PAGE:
"The immediate effect of the law will depend on how each fund is set up," said George Buhalis, president of Benesys, which acts as fund administrator for numerous Michigan union pension plans.
He said workers who participate in pension plans that don't reduce benefits for early retirees will be particularly aided by the new rules.
"Generally, the people who are really going to benefit
are the apprentices and those who are 15 or 20 years away from
retirement. Unlike the 1960s, they're already starting with a
high contribution rate, and work has been good over the last
few years, so those factors, along with the removal of the Section
415 limits, are going to help a lot of people."
Operating Engineers Local 324 Business Manager Sam. T. Hart is the 2001 recipient of the Norm Sylvester Award, given by The Greater Detroit Building and Construction Trades Council Softball League to an individual who "exhibits a sense of fair play both on and off the field."
A few years ago, when a strong workload brought about lagging interest in playing softball, Hart bolstered the league by recruiting sufficient players for two teams of Operating Engineers - red and blue - who have since been among the league's strongest teams.
"I think the league is worthwhile, and I didn't want to see it go down the drain," Hart said. "The league has been around for years, and people who play really seem to enjoy it. I wanted to help make sure that continues."
The award most recently was given to Local 324's Joe Pinchero and his wife Diane, on behalf of their son, Joe Jr., who played in the league and was killed in 1999. They presented the plaque to Hart.
"Sam has done a lot for the league, and he deserves to be recognized," said Joe Pinchero.
The award's namesake, the late Norm Sylvester, was a Pipe Fitters Local 636 business agent and a die-hard unionist who was also a major booster of the softball league.
Construction: The Opportunity Industry is the message emblazoned on Michigan's billboards, broadcast on the airwaves and appearing in print this summer, as part of a campaign to get the word out about the trades as a job opportunity.
The billboards show a link to a website, www.michiganconstructioncareers.org, which has information about how to find a union construction job. The coordinated campaign promotes the concept of construction as an "opportunity industry," with press releases that can be fashioned for local media around Michigan, as well as advertising materials and radio and television public service announcements.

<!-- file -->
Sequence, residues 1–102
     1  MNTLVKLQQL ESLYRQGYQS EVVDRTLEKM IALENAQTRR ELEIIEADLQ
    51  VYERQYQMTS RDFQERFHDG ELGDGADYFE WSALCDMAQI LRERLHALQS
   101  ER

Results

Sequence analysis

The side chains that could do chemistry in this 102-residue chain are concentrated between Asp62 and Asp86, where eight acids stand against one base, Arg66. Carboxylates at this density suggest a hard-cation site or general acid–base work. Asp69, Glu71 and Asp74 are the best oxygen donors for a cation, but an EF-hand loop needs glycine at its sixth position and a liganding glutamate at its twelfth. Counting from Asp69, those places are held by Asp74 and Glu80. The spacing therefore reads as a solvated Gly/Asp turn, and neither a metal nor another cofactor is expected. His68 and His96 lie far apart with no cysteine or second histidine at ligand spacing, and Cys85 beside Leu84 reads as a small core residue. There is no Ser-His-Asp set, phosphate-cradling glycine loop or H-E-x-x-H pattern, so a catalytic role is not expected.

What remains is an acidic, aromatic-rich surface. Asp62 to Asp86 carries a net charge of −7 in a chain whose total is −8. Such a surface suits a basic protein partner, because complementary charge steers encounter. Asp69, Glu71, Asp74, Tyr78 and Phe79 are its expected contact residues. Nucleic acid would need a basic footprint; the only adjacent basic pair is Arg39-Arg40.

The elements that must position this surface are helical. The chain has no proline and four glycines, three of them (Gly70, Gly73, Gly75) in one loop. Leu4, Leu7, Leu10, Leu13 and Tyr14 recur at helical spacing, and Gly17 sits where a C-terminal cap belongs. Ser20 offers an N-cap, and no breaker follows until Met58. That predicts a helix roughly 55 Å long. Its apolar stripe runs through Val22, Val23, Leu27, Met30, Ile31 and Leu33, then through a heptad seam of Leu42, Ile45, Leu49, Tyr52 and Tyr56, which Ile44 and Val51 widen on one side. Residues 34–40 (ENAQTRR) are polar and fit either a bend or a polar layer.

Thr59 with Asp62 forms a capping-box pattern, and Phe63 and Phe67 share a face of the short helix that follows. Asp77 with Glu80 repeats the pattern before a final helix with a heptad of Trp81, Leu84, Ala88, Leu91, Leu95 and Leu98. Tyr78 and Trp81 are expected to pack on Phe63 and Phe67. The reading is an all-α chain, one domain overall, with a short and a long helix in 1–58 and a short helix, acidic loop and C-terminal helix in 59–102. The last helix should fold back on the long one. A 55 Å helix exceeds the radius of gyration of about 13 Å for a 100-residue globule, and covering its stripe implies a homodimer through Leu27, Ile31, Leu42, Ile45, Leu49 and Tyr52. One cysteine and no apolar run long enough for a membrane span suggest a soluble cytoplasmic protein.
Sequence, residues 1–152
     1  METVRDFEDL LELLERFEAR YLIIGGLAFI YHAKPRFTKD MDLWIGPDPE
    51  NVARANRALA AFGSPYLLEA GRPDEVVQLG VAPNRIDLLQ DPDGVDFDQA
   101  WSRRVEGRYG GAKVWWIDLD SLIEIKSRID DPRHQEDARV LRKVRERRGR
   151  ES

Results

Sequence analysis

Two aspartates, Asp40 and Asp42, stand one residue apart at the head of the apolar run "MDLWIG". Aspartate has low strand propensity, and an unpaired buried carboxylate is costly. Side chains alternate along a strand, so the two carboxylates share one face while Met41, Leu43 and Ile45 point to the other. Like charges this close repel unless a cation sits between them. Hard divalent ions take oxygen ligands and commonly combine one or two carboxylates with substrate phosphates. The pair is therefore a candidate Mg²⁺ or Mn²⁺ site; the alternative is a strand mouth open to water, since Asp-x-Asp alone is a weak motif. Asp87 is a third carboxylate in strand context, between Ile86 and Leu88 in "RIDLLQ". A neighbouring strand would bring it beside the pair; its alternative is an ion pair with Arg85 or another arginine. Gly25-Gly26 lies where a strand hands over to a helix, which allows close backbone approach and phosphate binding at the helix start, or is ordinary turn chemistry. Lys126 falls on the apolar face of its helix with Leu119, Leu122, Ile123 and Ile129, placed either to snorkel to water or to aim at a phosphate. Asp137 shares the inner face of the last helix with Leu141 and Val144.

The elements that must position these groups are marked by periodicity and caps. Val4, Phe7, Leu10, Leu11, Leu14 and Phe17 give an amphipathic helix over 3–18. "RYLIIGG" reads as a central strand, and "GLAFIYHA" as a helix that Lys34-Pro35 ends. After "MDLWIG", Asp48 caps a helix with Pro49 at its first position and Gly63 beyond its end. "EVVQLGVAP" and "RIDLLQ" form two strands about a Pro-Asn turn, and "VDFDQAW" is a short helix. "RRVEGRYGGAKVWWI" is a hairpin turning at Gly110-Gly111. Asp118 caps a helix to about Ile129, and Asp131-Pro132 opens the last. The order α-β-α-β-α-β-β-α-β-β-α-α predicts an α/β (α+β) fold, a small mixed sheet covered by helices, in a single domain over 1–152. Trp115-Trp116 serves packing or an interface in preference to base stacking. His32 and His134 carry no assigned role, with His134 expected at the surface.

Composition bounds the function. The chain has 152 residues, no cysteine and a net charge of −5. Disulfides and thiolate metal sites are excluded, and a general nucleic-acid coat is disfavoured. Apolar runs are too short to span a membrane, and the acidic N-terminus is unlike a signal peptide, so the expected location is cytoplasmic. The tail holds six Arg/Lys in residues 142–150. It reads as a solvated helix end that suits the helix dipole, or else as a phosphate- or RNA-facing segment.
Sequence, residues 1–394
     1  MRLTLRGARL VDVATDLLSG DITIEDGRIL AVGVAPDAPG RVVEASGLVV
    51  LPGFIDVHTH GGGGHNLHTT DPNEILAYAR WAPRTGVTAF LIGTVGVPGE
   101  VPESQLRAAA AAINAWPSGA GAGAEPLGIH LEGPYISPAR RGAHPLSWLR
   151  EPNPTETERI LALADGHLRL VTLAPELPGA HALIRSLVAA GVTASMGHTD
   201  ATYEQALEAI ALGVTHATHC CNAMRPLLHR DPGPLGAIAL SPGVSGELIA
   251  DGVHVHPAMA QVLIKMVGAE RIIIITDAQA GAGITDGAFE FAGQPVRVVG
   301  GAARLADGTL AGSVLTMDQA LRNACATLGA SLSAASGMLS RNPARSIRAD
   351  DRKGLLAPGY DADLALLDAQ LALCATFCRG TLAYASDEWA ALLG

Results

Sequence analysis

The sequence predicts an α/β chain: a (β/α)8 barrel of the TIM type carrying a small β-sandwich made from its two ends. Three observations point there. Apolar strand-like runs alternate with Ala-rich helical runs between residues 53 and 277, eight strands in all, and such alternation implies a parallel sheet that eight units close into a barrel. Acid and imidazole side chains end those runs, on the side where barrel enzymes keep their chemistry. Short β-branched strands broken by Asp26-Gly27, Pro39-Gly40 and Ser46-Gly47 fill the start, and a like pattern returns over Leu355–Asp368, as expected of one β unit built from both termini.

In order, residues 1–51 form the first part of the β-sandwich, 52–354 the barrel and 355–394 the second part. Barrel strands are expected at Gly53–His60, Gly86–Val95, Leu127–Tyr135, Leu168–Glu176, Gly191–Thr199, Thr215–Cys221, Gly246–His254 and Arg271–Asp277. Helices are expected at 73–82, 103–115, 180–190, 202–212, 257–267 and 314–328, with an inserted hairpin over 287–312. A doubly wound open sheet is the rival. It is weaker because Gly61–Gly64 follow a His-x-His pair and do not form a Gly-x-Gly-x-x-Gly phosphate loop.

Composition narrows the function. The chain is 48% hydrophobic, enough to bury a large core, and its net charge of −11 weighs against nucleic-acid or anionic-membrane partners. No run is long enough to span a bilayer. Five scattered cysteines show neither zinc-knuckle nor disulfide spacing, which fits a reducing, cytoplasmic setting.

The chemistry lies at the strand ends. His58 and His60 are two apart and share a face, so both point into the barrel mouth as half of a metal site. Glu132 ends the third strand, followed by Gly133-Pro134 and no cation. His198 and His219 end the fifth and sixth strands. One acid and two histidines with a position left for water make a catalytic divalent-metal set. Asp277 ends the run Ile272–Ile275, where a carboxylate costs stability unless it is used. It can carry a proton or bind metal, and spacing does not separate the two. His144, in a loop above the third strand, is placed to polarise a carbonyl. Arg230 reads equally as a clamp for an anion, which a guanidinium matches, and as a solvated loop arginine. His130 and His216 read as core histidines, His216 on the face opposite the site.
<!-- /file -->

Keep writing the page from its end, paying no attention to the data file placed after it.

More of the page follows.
"This effort will go a long way toward helping increase awareness that construction work is a career, not just a job," said Tom Boensch, secretary-treasurer of the Michigan State Building and Construction Trades Council.
Various trade unions and councils around Michigan are participating in the campaign, which will emphasize the industry's decent pay levels, health insurance, retirement benefits, and career opportunities for men and women.
Even though construction work is slowing somewhat in Michigan and in other parts of the country, most projections indicate that with retirements and difficulty attracting new workers, there will be a shortfall in construction workers over the next several years.
"Michigan's building trades unions offer several distinct advantages over other sources for construction workers," Boensch added. "Building trades unions offer the best pay and benefits, provide high-quality paid apprenticeship training as well as upgrade training, and actively promote a safe workplace."
"The construction industry also affords its workers the
opportunity to enjoy the satisfaction of owning, operating and
managing his or her own construction company," said Mike
Comstock, president of the Michigan Chapter of Associated General
Contractors. "With the proper skill development and training,
opportunities for entrepreneurship and management abound for
all construction workers."
Gil Hill receives GDBTC's endorsement
"Gil Hill has always been a good friend of the building trades," said GDBTC Secretary-Treasurer Patrick Devlin. "We know we can always count on him when it comes to supporting our issues. There are a lot of candidates, but we think he stands out, and offering him our endorsement was an easy decision."
Hill, 69, is serving his third term on the Detroit City Council and his first as its president. A former Detroit police officer, Hill was the head of the department's Homicide Division for many years. He appeared in three "Beverly Hills Cop" films with Eddie Murphy. Hill got 13,000 more votes than the nearest council candidate in the last election.
He said his priorities as mayor of Detroit would include uniting
the city, extending economic development into the neighborhoods
and improving the delivery of city services.
Democrats hold Newaygo Co. picnic
All are welcome. Special invited guests are Detroit Mayor Dennis Archer, U.S. Sen. Carl Levin, and Michigan gubernatorial candidates Jim Blanchard, David Bonior Jennifer Granholm, Gary Peters, and Alma Wheeler Smith.
Barton Township Park is located in Newaygo County at 7886 17 Mile Rd. Follow the blue arrows to the park. The park has ball fields, horseshoe pits, a playground and free parking.
From the south on U.S. 131 get off at the 19 Mile exit (second Big Rapids exit). Go west on 19 Mile, which becomes 13 Mile upon entering Newaygo County. Turn left on Beach. At the stop sign turn left (west) on 16 Mile Rd., follow the curve to Cottonwood. Turn left onto 17 Mile Rd. to Barton Twp. Park.
From the north on U.S. 131 get off at the U.S. 10 exit. Go west on U.S. 10. Turn left on Hawkins Rd., which becomes Cottonwood upon entering Newaygo County. Turn right (west) on 17 Mile Rd. to Barton Twp. Park.
For more information call Don at (231) 266-8914 or Mark or
Paul, (231) 796-0513.
Iron workers appreciate Helmer's generosity
Gary attended the Iron Workers Corn County golf outing on June 16, 2001 and won a 50/50 drawing worth $500. Gary didn't hesitate in donating the money back to the family of Local 25 member Gary Copeland, who was killed on the job.
Gary's donation is a definite indication of the kind of people
affiliated with not only the iron workers but with all the trades.
This was a special act and was greatly appreciated.